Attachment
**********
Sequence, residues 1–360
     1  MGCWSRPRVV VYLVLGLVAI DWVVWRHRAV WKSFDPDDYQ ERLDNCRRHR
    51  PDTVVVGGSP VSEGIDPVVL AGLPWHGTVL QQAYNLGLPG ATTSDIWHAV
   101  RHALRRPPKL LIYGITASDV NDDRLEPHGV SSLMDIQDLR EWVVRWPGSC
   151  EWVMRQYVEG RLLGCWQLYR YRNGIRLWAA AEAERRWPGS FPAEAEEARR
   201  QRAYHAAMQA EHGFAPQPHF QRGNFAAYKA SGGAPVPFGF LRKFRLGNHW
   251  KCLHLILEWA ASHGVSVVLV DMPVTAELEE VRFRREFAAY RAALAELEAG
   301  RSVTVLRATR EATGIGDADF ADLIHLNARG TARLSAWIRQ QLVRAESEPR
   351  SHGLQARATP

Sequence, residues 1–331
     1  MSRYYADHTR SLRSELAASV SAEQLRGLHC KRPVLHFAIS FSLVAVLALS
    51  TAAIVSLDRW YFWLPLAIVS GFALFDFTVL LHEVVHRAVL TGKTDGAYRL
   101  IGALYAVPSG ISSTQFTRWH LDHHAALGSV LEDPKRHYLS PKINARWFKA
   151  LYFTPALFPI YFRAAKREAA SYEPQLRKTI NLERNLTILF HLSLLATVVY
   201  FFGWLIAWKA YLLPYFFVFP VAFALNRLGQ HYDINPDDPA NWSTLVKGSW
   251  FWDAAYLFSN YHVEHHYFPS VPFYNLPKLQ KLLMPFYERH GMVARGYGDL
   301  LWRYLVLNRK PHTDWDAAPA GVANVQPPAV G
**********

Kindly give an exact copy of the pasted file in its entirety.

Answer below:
Sequence, residues 1–360
     1  MGCWSRPRVV VYLVLGLVAI DWVVWRHRAV WKSFDPDDYQ ERLDNCRRHR
    51  PDTVVVGGSP VSEGIDPVVL AGLPWHGTVL QQAYNLGLPG ATTSDIWHAV
   101  RHALRRPPKL LIYGITASDV NDDRLEPHGV SSLMDIQDLR EWVVRWPGSC
   151  EWVMRQYVEG RLLGCWQLYR YRNGIRLWAA AEAERRWPGS FPAEAEEARR
   201  QRAYHAAMQA EHGFAPQPHF QRGNFAAYKA SGGAPVPFGF LRKFRLGNHW
   251  KCLHLILEWA ASHGVSVVLV DMPVTAELEE VRFRREFAAY RAALAELEAG
   301  RSVTVLRATR EATGIGDADF ADLIHLNARG TARLSAWIRQ QLVRAESEPR
   351  SHGLQARATP

Sequence, residues 1–331
     1  MSRYYADHTR SLRSELAASV SAEQLRGLHC KRPVLHFAIS FSLVAVLALS
    51  TAAIVSLDRW YFWLPLAIVS GFALFDFTVL LHEVVHRAVL TGKTDGAYRL
   101  IGALYAVPSG ISSTQFTRWH LDHHAALGSV LEDPKRHYLS PKINARWFKA
   151  LYFTPALFPI YFRAAKREAA SYEPQLRKTI NLERNLTILF HLSLLATVVY
   201  FFGWLIAWKA YLLPYFFVFP VAFALNRLGQ HYDINPDDPA NWSTLVKGSW
   251  FWDAAYLFSN YHVEHHYFPS VPFYNLPKLQ KLLMPFYERH GMVARGYGDL
   301  LWRYLVLNRK PHTDWDAAPA GVANVQPPAV G